Maureen Kincaid Speller: I used to get quite depressed by that, actually, but I realized it's a part of the process circle of editing life. Some people, they're just going to move on to somewhere that will take their work immediately. And I'm quite happy that we are not that place that we are actually going to have an editorial engagement with the review in question. I mean, speaking as a reviewer, I love being edited because it happens so rarely. I love the fact that when I'm reviewing, I get to hand over my work to one of you to eviscerate it for me and make it better, because I've been doing this for a long time. But that doesn't mean I can't do it better. If somebody actually looks at my work and gives me a view again, too, that goes, I think, plays back into the whole idea of trust. As a reviewer, I want to be able to trust a venue, and I measure that trust in how willing they are to engage with what I give them and sort of come back to me with editorial notes.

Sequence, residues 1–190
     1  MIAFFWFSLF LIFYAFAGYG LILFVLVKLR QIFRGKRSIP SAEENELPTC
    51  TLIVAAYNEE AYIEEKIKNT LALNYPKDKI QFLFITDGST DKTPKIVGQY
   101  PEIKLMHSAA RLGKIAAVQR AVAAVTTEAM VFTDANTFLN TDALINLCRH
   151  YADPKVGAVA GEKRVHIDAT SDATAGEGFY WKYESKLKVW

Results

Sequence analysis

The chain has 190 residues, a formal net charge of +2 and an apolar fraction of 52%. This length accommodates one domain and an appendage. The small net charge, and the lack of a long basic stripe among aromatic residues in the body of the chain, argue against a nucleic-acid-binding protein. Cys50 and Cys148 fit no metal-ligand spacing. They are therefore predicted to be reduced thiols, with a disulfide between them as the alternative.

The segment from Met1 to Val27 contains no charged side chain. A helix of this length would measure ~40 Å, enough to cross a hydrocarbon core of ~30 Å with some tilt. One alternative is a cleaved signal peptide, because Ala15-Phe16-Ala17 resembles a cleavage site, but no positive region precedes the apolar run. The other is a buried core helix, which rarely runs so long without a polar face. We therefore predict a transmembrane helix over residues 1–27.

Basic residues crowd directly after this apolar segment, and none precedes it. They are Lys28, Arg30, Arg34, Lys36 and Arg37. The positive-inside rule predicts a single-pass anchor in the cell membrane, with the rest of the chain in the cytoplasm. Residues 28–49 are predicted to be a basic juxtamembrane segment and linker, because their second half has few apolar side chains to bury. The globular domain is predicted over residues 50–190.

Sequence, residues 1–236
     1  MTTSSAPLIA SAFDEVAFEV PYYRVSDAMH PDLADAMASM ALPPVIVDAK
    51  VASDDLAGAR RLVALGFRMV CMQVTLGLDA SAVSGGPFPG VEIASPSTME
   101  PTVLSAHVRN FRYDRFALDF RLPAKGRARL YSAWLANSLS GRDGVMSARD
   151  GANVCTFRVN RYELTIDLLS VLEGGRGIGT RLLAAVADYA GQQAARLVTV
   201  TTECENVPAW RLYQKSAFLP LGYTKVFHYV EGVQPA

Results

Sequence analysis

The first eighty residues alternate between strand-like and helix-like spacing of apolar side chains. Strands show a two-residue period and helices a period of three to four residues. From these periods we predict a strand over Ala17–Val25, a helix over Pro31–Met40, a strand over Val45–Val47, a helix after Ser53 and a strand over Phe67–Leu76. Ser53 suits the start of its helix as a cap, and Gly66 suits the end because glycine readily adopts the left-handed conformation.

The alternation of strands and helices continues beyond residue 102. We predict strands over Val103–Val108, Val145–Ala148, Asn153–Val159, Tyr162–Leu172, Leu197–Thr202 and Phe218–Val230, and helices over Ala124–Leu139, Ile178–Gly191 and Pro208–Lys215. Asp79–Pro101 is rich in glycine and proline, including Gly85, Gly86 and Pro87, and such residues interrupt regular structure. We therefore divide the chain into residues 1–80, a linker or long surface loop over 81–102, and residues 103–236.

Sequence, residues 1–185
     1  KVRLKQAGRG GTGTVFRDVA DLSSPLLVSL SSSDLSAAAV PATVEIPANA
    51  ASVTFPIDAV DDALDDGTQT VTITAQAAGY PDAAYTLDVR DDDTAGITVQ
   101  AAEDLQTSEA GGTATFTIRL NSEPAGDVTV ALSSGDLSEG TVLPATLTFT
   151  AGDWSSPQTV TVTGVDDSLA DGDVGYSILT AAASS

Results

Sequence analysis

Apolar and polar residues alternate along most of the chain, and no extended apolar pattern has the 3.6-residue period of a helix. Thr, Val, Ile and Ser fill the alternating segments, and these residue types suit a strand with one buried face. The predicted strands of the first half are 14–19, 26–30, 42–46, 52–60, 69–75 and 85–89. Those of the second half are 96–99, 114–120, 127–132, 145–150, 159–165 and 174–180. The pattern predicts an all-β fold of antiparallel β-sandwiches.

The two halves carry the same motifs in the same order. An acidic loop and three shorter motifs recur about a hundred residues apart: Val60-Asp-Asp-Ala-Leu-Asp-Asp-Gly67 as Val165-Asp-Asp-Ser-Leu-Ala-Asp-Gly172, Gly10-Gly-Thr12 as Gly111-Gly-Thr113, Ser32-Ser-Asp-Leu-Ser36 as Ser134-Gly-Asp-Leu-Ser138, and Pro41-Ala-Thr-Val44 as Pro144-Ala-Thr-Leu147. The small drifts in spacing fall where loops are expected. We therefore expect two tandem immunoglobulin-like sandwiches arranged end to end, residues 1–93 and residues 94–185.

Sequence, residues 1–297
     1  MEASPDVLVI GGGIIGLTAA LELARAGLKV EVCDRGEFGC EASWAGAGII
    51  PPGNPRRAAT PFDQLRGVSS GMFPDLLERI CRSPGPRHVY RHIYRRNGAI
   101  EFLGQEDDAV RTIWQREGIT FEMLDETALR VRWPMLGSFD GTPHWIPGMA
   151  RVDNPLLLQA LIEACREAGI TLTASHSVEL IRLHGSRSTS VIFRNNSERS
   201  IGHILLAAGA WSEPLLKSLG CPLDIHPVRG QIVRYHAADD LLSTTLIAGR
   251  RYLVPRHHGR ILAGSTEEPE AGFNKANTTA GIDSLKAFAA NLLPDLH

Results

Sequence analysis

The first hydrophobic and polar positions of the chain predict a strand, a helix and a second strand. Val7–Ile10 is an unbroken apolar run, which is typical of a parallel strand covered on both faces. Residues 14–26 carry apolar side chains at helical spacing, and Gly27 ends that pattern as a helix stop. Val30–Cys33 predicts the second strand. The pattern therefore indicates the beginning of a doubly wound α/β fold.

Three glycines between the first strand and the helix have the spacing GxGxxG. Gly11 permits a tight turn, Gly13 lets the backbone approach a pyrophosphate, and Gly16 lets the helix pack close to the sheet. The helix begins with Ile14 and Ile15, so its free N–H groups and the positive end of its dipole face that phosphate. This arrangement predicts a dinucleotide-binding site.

Dan Hartland: While you were both talking there, I was taking off, actually, my editor hat and putting on my reader hat – and thinking what I look for in a venue. So when I pick up a paper or open a website, part of the trust thing isn't just for the individual reviewer, it is for the venue. And it's because of that thing that you were just talking about, Maureen, which is some venues do feel to me less engaged in working up the product than others. And when I go to a review, I kind of want it to have been pre-tested for me so that I don't have to do all of the probing of the review. I can trust that a bit has been done already, and that trust is a significant part of how I approach a piece and whether or how much I pay heed to it. Am I off-base? Does that seem fair?
Aishwarya Subramanian: I think it's fair. I think that we don't necessarily want venues to have a house style to the extent that everything sounds the same. But we do want a venue to have certain priorities and certain standards regarding those priorities that we share. I mean, there's an ethos which you tend to share with the journals or the magazines that you care enough to pay attention to, and you want that ethos to be in play at some level in what they publish.